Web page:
What Do You DO For A Living Anyhow?
At a recent family gathering, the topic of conversation somehow turned to work, and my sister-in-law turned to me with a puzzled look on her face and said “Your brother and I have talked about this before, and neither of us can figure this out. What exactly is it that you do anyhow?” This prompted a flurry of “Office Space” quotes culminating with my brother exclaiming “I have people skills!! I am good at dealing with people. Can’t you understand that?”. We all had a good laugh, but then I actually had to answer the question. At times like that, I sometimes feel like Tom Smykowski in Office Space, because it feels like a lot of what I do doesn’t have a very tangible description.
My sister-in-law is a journalist, my brother is a firefighter, my mother was a nurse; I’m a product manager – huh? So tell me again, what would you say it is that you DO here?
Well, there’s the definition of Product Manager according to Wikipedia: A Product Manager investigates, selects and develops products for an organization, performing the activities of Product Management. Of course, most people not familiar with a product manager role would then probably ask – what is “product management”? For me, I like this definition courtesy of Mind The Product: the intersection of business, technology and user experience.
As someone who “grew up” as a technologist, people often think that I’m an IT person, and for some people, that runs the gamut from writing code to installing hardware and running networks. While I do like to think of myself as capable of doing just about anything relating to computers, the reality is that most true “IT” tasks would require a bit of a learning curve for me. Most of my background is in software development, building client-facing systems and tools, which has provided me with a strong sense of the business and of what makes sense for the end user. Put all of that experience together, and you’ve got the makings of a product manager.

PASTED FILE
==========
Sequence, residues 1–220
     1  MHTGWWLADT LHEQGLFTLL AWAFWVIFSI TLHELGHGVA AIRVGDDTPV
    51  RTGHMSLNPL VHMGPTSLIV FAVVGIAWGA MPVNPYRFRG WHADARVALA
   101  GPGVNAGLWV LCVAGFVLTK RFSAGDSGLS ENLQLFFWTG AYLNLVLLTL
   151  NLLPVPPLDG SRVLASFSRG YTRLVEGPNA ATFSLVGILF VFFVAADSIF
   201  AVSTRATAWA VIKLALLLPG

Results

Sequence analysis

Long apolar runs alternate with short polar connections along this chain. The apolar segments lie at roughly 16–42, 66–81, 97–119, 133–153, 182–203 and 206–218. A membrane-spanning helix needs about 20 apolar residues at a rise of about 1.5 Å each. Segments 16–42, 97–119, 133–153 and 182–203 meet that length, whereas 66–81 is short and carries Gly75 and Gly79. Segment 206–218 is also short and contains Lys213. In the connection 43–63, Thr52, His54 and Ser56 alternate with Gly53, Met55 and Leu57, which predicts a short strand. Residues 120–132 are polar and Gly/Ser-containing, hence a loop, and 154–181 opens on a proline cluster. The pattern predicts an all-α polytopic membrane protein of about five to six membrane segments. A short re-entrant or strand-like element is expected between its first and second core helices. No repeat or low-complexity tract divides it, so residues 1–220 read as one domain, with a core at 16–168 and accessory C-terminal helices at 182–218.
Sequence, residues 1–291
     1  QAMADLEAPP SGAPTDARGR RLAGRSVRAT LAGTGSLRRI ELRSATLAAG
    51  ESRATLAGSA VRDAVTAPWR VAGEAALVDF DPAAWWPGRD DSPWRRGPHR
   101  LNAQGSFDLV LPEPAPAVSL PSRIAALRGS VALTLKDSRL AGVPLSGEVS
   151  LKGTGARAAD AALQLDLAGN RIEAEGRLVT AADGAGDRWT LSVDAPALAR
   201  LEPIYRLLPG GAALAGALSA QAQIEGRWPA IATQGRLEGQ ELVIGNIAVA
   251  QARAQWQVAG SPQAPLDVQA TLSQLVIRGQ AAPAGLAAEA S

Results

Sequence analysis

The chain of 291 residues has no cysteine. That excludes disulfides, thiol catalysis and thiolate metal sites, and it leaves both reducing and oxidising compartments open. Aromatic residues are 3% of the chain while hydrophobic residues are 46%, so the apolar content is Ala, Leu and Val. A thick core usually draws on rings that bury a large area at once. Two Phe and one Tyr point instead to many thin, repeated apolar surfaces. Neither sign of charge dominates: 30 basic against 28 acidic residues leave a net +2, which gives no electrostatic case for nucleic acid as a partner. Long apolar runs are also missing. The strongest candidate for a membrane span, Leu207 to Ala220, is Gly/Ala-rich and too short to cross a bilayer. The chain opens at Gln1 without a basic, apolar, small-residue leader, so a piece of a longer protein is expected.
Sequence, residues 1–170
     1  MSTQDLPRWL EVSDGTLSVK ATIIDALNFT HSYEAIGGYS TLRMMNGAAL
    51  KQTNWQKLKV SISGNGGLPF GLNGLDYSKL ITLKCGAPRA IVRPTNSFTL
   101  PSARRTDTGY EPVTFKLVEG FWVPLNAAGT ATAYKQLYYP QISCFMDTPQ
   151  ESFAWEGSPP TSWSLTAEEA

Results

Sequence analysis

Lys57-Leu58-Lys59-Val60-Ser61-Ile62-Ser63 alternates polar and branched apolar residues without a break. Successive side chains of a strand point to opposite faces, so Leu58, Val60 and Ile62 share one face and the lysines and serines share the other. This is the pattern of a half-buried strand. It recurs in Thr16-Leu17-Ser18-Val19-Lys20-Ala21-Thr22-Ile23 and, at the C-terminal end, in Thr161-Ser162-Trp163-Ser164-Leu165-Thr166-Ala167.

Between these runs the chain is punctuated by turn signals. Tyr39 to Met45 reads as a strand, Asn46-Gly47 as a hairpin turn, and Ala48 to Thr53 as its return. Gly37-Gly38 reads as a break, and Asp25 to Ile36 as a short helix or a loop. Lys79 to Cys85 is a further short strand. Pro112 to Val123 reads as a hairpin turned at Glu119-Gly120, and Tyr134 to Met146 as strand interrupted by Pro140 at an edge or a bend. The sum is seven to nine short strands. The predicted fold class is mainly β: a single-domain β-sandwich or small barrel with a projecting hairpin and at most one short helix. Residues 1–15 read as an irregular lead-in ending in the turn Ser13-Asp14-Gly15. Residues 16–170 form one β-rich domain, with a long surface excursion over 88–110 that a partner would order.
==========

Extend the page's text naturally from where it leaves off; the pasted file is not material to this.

That still doesn’t really describe what I do, though, does it? Well, generally speaking, it’s my job to understand the problems that our customers face, and drive the creation of products that solve those problems. Since most problems continuously evolve, and very few products are ever really “done”, I’m also responsible for responding to those evolving needs, by creating and managing to a “product roadmap” – a plan that sets out how the product will evolve in the future based on available resources. Perhaps the hardest part of the job is deciding what to include and what to leave out of the roadmap – there’s never a shortage of ideas and opinions on what will make our products better, but you can’t (and don’t want to) do it all. You need to select the RIGHT features and deliver them at the RIGHT time, and sometimes that means fighting pressure from clients, peers and executives.